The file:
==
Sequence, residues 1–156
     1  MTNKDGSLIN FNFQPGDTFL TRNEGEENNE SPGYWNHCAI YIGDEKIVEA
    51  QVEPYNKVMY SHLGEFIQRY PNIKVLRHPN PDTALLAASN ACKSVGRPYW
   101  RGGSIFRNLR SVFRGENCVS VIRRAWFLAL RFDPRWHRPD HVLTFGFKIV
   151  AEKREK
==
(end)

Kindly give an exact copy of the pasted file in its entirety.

Sequence, residues 1–156
     1  MTNKDGSLIN FNFQPGDTFL TRNEGEENNE SPGYWNHCAI YIGDEKIVEA
    51  QVEPYNKVMY SHLGEFIQRY PNIKVLRHPN PDTALLAASN ACKSVGRPYW
   101  RGGSIFRNLR SVFRGENCVS VIRRAWFLAL RFDPRWHRPD HVLTFGFKIV
   151  AEKREK